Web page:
Caroline Lucas declared her support for seven acquitted campaigners who caused £180,000 damage to an arms factory, backing their direct action.
Weggis makes important points on the singling out of Israel, the strange description of criminal damage as “non-violent direct action”, and whether Smash EDO should be thought of as ‘Gaza campaigners’. In response to her statements he wonders:
“I don’t know but I would hazard a guess that Israel is not the only customer of the factory that was vandalised and that those customers are also using those weapons for killing people. So, why are they not mentioned? I also suspect that there are other factories in the UK selling arms to undesirable regimes. Why have they escaped? Why is it that Caroline Lucas applauds this action directed at one single and specific case and not the general principle? Why did she not take the opportunity, as our “Leader”, to highlight Green Party Policy? Which is: “End all export subsidies and increase controls on UK arms sales, especially to governments who violate human rights.” i.e. ALL governments who violate human rights and not just Israel.”
There is another disturbing element in Caroline’s declarations.
She says: “However, in this situation it is clear the decommissioners had exhausted all democratic avenues and, crucially, that their actions were driven by the responsibility to prevent further suffering in Gaza.”
She adds: “I do think that there is a time when [non-violent direct action] is legitimate and I think that this was such a time.”
What “democratic avenues” had been tried and exhausted? If you exhaust “democratic avenues” – that is, if you fight and lose elections – does it justify you in imposing your views through direct action and violence? The message here, intentionally or not, is that it you don’t get what you want – that is, if your views are not democratically upheld – it is therefore legitimate and helpful to take up smashing. This has implications which are unfavourable to a political party which participates in a parliamentary democracy. Caroline Lucas is our first MP, but here she seems a little conflicted.
In this particular case, the target of direct action is an arms company which does not appear to have any significant involvement in Israel’s military. I have no sympathy for this or any other arms company, but it is clear that the choice of this company in relation to Gaza is irrational and random. Smash EDO started as a response to the Iraq War. Sussex police say that 20 people have been convicted following four demonstrations against the US-owned firm over the past two years. If it was citing Gaza that acquitted these activists on this occasion, then there’s something wrong.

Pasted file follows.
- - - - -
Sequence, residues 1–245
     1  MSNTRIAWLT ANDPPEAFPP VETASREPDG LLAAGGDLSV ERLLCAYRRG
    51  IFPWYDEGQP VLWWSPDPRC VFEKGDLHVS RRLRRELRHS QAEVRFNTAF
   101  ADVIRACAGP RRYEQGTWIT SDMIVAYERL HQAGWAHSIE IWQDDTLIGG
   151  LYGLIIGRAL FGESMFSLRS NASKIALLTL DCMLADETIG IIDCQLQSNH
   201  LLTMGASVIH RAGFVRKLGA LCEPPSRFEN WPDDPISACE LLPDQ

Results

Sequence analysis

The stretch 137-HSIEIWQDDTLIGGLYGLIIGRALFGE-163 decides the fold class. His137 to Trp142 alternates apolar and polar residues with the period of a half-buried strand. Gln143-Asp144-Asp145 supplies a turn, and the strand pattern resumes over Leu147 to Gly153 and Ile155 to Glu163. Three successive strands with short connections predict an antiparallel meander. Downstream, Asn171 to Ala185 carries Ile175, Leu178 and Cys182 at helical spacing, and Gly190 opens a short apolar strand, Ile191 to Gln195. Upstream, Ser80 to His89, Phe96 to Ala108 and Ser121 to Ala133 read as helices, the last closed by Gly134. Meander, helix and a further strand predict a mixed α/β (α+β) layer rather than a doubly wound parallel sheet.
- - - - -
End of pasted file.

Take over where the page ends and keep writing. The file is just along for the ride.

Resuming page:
The protestors could have, using exactly the same line of arguments, targeted the Israel Embassy, some cultural events [after all there is also a campaign in support of a “cultural boycott”], or, why not, a synagogue considered too pro-Zionist. As long as the actions would have been driven “by the responsibility to prevent further suffering in Gaza”, then, it would seem to be OK, even if there was not the merest probability of the action having any impact on the situation in Gaza.
Not for the first time I wonder what kinds of act against Israelis – or Jews as proxy Israelis – Caroline Lucas would not excuse as simply acting on “the responsibility to prevent further suffering in Gaza”.
On the aquittal of the smashers, Israeli ambassador Ron Prosor commented “I am convinced that His Honour would have ruled differently had he been sitting in the Sderot youth cultural centre, rather than on Brighton’s sunny shores.”
This appeal to “lawful excuse” does get you thinking though. Now, I’m anxious that this is not misunderstood as any kind of threat because we have no plans in this regard – but if, say, Greens Engage came to believe that it had exhausted the democratic processes of the Green Party, would Caroline Lucas consider us entitled to a more direct avenue of action?
Update: Steven Murdoch (p147) sets out some principles by which to judge destructive acts by political activists:
“When justifying a destructive act, activists reject a part of the rationale used to condemn their actions. They may reject the validity of the law that finds their action illegal, the premise that the negative effect of the action outweighed any benefit, or the position that the act is destructive at all. Activism often exists in opposition to the power structures that govern ethics within societies, so it is important to judge each action on its merit rather than simply accept the determinations of those in power.”